Watching England away
I wasn't literally with the away fans on Wednesday for the England - Poland match, but I was away from the confines of London where I have watched all but a handful of England's games in recent years. In fact I can only think of the match against Tunisa at France 98 (watched alone in a hotel room in Marseille having failed to obtain a black market ticket), the away game against Sweden in 1998 (watched in a pub in Oakham) and the Portugal match in Euro2000 (watched in a bar in Belgium with my dad and my brother-in-law, and a very unhappy proprietor). I even managed to get to the pub to watch last year's Euro2004 qualifier against Slovakia, despite it being the day after my nephew was born and it clashing with hospital opening hours.
Anyway, this week I was in York, so watched the match in The White Horse on Bootham. It was quite different from my normal England pub watching experience. Without my regular band of brothers around me I was able to take in a lot more of the pub punditry going on around me - and also managed to pass the 90 minutes without professing an opinion that was immediately contradicted by events on the pitch.
One of the major differences was the appreciation of passages of passing or defensive play from England. Or rather the lack of it - in The Queens Arms or The College Arms we are liable to break into ripples of polite applause to mark good defensive tackles, well-placed passes and general all-round play. Not so in The White Horse, where derision greeted virtually everything except for direct shots at goal.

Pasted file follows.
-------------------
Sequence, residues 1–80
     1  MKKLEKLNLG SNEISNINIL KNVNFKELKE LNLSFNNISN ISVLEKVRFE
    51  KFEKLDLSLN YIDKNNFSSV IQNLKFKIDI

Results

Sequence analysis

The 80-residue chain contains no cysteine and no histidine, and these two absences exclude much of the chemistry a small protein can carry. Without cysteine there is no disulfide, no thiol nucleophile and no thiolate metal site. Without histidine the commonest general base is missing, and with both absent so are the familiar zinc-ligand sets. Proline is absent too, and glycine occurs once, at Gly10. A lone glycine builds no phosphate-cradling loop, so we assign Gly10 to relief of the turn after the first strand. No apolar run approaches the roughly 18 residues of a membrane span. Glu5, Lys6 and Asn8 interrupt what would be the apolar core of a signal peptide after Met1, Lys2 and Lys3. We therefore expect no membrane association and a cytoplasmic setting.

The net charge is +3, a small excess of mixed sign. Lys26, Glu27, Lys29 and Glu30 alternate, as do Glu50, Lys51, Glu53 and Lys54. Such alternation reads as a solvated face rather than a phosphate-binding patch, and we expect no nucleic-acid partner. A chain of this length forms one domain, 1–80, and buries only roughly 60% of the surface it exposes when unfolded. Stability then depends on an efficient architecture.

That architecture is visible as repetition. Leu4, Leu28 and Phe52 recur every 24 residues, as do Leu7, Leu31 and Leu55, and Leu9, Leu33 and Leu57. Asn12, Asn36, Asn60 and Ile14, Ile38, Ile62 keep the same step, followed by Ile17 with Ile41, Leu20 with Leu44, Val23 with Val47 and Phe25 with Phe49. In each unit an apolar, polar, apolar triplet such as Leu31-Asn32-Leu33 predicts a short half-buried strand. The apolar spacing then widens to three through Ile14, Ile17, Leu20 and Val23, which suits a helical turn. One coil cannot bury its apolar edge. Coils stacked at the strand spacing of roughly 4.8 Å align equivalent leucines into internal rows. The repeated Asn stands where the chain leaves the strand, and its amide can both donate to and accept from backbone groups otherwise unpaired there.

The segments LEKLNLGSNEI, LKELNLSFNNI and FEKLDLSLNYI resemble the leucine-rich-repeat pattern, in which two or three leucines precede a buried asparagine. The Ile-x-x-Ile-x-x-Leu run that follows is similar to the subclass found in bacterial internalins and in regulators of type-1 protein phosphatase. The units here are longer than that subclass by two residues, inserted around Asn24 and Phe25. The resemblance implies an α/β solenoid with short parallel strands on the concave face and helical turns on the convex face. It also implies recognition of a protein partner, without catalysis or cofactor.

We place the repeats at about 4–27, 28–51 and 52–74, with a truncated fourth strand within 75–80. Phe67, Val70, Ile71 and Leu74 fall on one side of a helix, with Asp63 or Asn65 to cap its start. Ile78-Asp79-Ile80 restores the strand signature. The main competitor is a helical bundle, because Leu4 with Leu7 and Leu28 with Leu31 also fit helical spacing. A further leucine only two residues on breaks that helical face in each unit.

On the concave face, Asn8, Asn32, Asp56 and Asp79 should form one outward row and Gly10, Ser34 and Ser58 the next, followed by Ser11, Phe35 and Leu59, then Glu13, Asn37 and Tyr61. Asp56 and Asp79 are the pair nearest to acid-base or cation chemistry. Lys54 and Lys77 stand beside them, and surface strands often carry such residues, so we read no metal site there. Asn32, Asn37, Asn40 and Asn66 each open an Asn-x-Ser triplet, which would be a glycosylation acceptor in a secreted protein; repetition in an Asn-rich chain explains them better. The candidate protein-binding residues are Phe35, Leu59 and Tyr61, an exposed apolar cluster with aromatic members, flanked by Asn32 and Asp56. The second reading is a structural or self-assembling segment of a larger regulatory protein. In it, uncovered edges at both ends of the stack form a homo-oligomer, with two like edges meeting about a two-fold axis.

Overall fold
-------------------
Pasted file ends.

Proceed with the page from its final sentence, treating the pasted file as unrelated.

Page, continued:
"When was the last time England entertained me?" moaned one punter behind me. Entertainment? You don't watch away qualification matches in Katowice for their entertainment value, mate, you watch them to see your team hopefully grind out a result in hostile and trying circumstances.
This was epitomised for me in the 89th minute when David Beckham was substituted. The England captain left the field barracked by the good citizens of York - "Get off you poof", "Past your sell-by date", "Fuck off with your Spanish free-kicks*". However no sooner had we seen him off when his replacement Owen Hargreaves came in for the same sort of treatment - as the guy behind me memorably observed before he had even stepped onto the pitch - "That cunt spends more time going backward than forward".
At the time we were 2-1 up away from home in a crucial World Cup qualifier. Surely I couldn't have been the only person in that pub who thought that only a manager with the tactical acumen of a Kevin Keegan would decide to bring on Shaun Wright-Phillips for his competitive debut rather than a defensive minded midfielder with Word Cup Finals experience? Apparently I was. (Mind you I should add at this point that my Championship Manager teams generally play a defensive 4-5-1 brand of entertainment-stifling football that would make even the great Italian catenaccio tactics of the 60's seem enthralling).
I guess what was strange was that suddenly the illusion that the country comes together to watch England matches has been severely dented if not shattered in my mind. Sure, we are all watching the same match, but across the country we are all reacting in our little regional ways. It was almost like being an away fan in the wrong end of the ground.
* A Spanish free kick is of course a technique Beckham has learnt at Real Madrid of emphasizing physical contact in order to win a free kick. Naturally, no English player would do such a thing without undue foreign influence.